Blue Moon

Free Blue Moon by Cindy Lynn Speer

Book: Blue Moon by Cindy Lynn Speer Read Free Book Online
Authors: Cindy Lynn Speer
removed from the memory of all living beings. You could remember the others—Puck and Titania and Oberon and Mab. You could recount their deeds, describe for the listener what they looked like, but no one remembered his mother, the Dark Queen.
    The Dark Queen. Sabin closed his eyes. He was to call her, to bring her here for the blue moon. It was his curse-task, and he knew how to complete it. But the most vital part, her name, what she looked like, had all had been wiped from his brain just like all others.
    The Black Queen. Not the Dark Queen. The Black Queen. She was whispered of in a tale to keep children in line. What they whispered—of murdered lovers and orgies where the flesh of children was consumed and disgusting sexual acts involving innocent maidens and mutated beasts occurred were just stories. His mother had done far, far worse.
    What had she done?
    Sabin knelt again, staring at the circle, shaking his head. The glow had stopped just short of the outer stones. He grabbed the memory of her Shadow voice speaking of the ley lines, an unreliable memory but more than he had otherwise, and stepped inside the circle. He took everything he knew was hers—the color of his eyes, his magic, and called with every bit of his essence.
    The glow leapt forward and engulfed the stones. The reflected light encased him in a sheaf of deep red. He threw back his head and screamed.
* * * *
    Zorovin could have told you about the burial place of the Black Queen, for he was one of the very few who remembered who she truly was.
    In the mountains far away from where Sabin cast his spell was a tomb undisturbed by man. It contained six bodies—two elves and three dwarves in armor, the majority of a party sent forth with a terrible task. They were the pallbearers of the Black Queen.
    She had been a cruel woman, so terrible that her memory was taken from almost all living beings. The kings and their wives carried the burden of her history, softened so they could sleep without nightmares. The seven brave ones they selected carried the horror in full so that they would never forget why they must take care with the corpse they carried, why they must bury it deep in foreign soil. And why they must not return, lest she possess one and return to the Twilight Lands like some nightmare plague.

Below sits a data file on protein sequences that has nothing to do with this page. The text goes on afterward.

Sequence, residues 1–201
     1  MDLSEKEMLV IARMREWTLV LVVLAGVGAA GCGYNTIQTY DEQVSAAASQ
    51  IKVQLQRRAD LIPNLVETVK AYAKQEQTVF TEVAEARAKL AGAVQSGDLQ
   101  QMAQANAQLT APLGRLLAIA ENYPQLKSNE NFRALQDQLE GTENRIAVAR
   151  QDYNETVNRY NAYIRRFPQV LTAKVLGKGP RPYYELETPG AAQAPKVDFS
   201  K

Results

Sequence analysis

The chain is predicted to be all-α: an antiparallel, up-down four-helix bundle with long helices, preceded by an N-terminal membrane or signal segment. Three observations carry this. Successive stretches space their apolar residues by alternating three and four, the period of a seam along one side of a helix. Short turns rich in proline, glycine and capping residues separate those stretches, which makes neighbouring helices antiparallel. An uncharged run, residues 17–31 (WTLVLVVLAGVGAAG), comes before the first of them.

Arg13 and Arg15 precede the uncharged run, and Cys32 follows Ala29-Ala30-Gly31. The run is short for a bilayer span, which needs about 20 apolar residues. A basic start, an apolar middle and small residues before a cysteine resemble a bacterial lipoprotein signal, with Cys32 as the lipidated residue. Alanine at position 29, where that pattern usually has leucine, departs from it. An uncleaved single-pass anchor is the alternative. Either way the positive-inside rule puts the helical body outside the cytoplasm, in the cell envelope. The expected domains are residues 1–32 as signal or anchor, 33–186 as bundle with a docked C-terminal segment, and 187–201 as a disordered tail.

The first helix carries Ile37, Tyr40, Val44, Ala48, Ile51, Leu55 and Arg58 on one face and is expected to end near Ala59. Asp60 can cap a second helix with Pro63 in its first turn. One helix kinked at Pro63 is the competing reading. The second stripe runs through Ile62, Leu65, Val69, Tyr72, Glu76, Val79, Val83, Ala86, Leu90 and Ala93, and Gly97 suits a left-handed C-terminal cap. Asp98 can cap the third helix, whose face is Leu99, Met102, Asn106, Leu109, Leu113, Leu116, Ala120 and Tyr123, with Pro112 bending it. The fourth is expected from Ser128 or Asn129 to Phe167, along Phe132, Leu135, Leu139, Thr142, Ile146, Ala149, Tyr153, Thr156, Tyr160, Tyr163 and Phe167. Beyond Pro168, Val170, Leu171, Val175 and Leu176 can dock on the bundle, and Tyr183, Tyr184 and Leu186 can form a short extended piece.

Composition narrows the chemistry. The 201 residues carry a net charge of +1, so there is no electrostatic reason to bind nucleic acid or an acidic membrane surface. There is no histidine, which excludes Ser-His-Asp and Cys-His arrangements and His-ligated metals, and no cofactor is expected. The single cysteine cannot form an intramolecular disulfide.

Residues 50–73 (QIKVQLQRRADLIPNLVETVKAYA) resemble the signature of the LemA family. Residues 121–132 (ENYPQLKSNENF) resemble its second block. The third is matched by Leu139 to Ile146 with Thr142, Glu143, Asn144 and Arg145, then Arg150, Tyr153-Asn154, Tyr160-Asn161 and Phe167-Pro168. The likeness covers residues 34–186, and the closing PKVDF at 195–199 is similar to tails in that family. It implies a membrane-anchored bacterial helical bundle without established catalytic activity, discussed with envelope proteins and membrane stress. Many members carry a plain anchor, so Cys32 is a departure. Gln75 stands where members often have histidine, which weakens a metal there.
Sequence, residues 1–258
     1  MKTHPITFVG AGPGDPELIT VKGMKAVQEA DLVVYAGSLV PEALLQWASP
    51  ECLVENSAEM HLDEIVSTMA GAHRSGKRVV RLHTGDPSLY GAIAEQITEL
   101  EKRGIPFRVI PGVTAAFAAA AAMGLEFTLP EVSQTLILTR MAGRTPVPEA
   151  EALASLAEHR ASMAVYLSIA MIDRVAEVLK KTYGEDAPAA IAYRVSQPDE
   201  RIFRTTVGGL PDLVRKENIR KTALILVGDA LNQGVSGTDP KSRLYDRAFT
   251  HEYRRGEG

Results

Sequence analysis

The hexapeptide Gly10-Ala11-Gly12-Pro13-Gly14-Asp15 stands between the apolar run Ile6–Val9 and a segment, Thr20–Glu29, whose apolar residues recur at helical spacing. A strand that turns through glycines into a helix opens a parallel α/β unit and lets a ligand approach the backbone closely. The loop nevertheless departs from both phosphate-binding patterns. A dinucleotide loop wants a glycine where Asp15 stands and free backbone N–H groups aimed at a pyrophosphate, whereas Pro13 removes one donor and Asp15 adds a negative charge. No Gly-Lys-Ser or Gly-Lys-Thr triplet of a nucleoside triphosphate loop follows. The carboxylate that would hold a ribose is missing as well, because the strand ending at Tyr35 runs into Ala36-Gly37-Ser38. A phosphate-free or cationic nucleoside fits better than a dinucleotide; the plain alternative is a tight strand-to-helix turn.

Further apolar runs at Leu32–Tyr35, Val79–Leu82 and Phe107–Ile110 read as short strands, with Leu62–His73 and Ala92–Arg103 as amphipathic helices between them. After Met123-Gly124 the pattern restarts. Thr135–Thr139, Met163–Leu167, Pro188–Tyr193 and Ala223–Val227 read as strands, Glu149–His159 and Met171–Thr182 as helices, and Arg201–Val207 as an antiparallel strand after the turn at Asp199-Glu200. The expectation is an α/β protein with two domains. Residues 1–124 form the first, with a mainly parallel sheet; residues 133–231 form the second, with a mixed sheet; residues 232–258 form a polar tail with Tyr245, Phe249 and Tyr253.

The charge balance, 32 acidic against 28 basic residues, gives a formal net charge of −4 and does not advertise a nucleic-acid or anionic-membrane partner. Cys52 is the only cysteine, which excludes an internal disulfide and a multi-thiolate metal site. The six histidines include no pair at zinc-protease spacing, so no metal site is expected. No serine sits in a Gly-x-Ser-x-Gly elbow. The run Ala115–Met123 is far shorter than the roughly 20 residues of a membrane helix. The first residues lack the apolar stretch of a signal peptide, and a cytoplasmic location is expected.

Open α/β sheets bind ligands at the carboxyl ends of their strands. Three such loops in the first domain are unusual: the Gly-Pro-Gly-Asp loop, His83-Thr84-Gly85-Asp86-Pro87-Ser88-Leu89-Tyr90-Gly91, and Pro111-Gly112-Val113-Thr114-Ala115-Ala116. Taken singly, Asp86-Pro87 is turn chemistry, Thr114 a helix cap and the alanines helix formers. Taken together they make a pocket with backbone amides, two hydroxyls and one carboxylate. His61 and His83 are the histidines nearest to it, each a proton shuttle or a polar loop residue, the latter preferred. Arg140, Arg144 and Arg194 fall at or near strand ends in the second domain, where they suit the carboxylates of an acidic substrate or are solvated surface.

They enclosed her in crystal, they buried her beneath rock and dirt, deep inside the tall mountain. Freed from the greatest part of their task, they had a feast with special provisions they had brought. They sang and ate then spent the next day in quiet contemplation while each dug his own grave. One stayed alive long enough to shovel the dirt over them, to erase any signs that they had been there. His hatred of the Queen rose above all others; his was the sword that had pierced her heart.
    He crawled down into a small cave, and as his life bled away, he thanked God that he would no longer remember the Black Queen's name, or her deeds—and his own shame. That her one wish, to be to remembered for all time as the greatest horror that ever lived, would not be granted. That she would die as she should have lived, quietly and unremarked.
    His only hope was that his brother would have the courage to slay the Black One's child and not let misdirected mercy or familial ties stay his hand. He was relieved that he would not have to put the knife to his own son, that the task would be his brother's. He closed his eyes and prayed he would be forgiven his sins, and drifted away into everlasting sleep.
    This is the story the dragons tell, but sadly, they did not know the rest of it. They could not warn those who were to come after.
    Many, many years later, deep in a cavern, a soft reddish glow reveals a tomb of crystal beneath centuries of dust. A ghost stands there and sees the small cracks where air and water have seeped in. Her body is nothing more than sludge and filth, nothing that the Black Queen can reclaim. She feels a pull, insistent, to the east of where she

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